Justice is an ambitious story that takes every member of the original Justice League (except Firestorm), throws in a whole bunch of other characters that Alex Ross and Jim Krueger grew up with, and has the villains discredit the lot of them by actually helping humanity. That set-up incorporates several novel ideas applied to assorted super powers, so although the writing style is ponderous, to begin with at least there’s some hope that the story will match the jaw-droppingly good art.

That art is the true wonder. Doug Braithwaite’s layouts and pencils were handed to Ross to finish the illustration by painting over it, the result a glorious collaboration. Time after time you’ll gasp at an iconic illustration or a beautiful spread, and these aren’t just of the heavy hitters, as practically anyone who gets a line of dialogue is depicted beautifully. The Joker serves absolutely no story purpose whatsoever, but Braithwaite and Ross turn out several great pictures of him. That so often proves to be the purpose. Toward the end there’s the inevitable slugfest between the protected JLA, their villainous enemies, and other heroes who’ve been brainwashed, and it’s immense. It looks even better on the superior paper stock and oversized pages of the hardcover Absolute edition, an Eisner Award winner for the production. The art is so good, so iconic, that there is a serious case to be made for ignoring the plot deficiencies and buying the collection anyway just to drool at the pages.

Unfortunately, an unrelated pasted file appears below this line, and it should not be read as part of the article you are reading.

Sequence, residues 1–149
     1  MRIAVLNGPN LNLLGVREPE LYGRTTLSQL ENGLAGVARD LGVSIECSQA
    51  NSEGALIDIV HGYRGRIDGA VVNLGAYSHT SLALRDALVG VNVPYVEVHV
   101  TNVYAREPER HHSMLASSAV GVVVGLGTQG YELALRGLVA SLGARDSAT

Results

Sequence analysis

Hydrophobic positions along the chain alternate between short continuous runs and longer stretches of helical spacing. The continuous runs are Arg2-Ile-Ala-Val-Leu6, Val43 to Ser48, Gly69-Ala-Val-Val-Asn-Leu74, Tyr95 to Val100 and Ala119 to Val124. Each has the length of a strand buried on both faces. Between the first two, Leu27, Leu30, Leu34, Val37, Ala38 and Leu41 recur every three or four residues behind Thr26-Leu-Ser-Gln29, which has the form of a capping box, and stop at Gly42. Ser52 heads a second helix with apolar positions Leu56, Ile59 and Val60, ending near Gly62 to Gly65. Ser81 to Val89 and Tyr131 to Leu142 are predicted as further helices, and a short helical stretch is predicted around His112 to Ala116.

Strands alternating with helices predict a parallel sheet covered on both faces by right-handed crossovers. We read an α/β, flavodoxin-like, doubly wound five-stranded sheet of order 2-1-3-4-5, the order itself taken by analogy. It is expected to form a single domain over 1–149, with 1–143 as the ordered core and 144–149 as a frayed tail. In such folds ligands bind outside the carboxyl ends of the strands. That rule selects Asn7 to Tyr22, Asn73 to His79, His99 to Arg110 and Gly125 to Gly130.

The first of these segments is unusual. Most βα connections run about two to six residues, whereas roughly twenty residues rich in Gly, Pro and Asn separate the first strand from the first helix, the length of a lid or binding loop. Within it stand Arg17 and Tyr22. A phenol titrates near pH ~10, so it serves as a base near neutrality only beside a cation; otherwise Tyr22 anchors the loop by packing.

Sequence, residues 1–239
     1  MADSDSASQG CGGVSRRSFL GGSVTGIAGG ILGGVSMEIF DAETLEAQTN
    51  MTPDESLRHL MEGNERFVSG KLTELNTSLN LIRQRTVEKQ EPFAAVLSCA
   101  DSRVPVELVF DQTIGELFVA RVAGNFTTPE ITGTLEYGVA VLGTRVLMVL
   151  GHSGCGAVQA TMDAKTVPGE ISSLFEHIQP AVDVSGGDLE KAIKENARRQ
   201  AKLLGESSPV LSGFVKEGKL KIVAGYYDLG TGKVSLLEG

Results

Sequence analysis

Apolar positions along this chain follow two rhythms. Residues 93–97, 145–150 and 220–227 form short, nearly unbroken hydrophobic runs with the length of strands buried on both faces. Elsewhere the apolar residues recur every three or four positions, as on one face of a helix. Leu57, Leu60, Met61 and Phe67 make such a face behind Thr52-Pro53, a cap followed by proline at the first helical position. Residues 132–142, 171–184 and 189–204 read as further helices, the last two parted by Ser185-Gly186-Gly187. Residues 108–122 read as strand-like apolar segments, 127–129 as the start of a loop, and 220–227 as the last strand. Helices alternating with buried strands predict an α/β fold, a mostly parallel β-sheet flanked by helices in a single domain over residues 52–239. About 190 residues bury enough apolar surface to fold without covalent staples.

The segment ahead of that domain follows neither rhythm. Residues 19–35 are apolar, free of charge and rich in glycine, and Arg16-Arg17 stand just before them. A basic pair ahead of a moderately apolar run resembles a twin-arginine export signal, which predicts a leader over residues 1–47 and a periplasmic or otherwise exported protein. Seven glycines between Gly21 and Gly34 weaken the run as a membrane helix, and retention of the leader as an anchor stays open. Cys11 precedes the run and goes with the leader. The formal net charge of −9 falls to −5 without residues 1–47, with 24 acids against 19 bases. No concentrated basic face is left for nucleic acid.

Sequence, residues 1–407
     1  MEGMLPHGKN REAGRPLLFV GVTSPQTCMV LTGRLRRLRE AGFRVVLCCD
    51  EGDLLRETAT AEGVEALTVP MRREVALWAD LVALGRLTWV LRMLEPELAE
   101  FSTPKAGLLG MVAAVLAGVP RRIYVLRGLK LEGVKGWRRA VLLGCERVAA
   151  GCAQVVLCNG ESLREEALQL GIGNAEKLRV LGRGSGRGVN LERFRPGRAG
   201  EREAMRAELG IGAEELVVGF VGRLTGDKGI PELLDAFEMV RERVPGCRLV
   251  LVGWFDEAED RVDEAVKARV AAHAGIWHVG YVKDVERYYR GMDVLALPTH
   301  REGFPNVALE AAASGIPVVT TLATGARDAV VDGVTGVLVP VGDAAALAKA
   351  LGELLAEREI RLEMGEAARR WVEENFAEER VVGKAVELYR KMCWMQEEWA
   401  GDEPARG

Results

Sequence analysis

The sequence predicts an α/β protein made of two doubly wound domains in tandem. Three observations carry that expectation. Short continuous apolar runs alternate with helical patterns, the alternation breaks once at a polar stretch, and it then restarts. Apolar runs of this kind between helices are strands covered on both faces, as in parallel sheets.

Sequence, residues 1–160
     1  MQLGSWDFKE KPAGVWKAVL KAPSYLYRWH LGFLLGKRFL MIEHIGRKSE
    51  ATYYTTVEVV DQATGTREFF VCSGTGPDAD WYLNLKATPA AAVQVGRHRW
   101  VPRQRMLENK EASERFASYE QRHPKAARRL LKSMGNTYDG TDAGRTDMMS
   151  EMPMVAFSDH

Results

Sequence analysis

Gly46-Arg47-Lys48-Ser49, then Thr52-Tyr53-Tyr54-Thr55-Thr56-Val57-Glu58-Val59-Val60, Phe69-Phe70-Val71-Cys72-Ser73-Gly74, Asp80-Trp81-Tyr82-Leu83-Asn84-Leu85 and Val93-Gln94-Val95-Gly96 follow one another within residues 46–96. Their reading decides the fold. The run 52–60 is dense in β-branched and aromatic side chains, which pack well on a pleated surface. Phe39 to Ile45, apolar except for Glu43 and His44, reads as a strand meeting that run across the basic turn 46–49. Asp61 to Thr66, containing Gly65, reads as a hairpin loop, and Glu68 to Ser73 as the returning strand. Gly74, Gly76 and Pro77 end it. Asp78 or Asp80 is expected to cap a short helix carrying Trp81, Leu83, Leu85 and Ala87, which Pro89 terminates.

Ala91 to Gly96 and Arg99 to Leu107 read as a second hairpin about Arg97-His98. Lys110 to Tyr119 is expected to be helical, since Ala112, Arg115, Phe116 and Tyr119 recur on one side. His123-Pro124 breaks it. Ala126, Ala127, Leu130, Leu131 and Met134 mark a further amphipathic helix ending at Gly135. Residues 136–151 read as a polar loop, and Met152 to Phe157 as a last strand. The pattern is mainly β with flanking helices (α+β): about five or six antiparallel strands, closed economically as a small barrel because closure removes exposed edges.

Those plot deficiencies, however, accumulate. To begin with there hope that some illogical aspects will be explained, and that does occasionally happen. There is a reason for multiple scenes of Brainiac crowing over a captured Aquaman, for instance, but as Justice continues more and more plot holes lack an explanation. The concluding chapter has a couple of very powerful characters do what they could have done earlier, and the main villain’s scheme is revealed as something that they could have carried out in less complicated ways without involving the Justice League in the first place. If Justice was entertaining throughout, then a disappointing ending might be overlooked, but Justice isn’t entertaining throughout. Ross and Krueger lack the ability to focus the script on the necessary moments, and the result is long, dull scenes that don’t impact on the larger plot and make Justice quite the slog if the art alone isn’t enough.

Batman’s files on assorted heroes and villains are relevant to the story, let it be said a plot first used by Mark Waid in JLA: Tower of Babel, and a large bonus section of the Absolute edition presents Batman’s thoughts on each major character. These are accompanied by production illustrations from Braithwaite and Ross, followed by a layout section and reproductions of Braithwaite’s pencils before Ross applied the paint. It’s sumptuous, and ideal for anyone who can’t get enough of the art. However, the Absolute edition has a price to match the format, so if even the collected Justice is too expensive, used copies of the original volumes 13 may be preferable.